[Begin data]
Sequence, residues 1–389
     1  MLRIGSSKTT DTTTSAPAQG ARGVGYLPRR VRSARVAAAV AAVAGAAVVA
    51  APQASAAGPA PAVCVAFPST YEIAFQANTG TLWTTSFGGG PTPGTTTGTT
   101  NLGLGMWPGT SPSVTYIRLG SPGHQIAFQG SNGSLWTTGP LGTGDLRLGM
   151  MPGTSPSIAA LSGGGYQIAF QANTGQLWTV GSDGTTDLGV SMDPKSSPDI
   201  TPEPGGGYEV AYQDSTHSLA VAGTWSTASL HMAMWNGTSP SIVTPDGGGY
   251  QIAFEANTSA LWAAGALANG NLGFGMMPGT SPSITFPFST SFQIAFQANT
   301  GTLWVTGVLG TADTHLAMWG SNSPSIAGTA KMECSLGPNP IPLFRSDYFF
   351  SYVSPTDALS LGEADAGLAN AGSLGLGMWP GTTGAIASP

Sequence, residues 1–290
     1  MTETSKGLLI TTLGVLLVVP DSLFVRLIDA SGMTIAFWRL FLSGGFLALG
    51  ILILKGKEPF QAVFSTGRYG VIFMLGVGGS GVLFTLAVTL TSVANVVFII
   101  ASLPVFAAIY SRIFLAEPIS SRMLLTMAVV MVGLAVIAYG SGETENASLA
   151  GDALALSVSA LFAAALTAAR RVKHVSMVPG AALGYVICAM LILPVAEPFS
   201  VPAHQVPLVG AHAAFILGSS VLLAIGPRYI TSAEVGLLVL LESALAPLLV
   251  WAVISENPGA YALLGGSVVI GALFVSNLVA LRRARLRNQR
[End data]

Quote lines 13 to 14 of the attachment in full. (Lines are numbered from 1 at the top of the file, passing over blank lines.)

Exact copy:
   101  ASLPVFAAIY SRIFLAEPIS SRMLLTMAVV MVGLAVIAYG SGETENASLA
   151  GDALALSVSA LFAAALTAAR RVKHVSMVPG AALGYVICAM LILPVAEPFS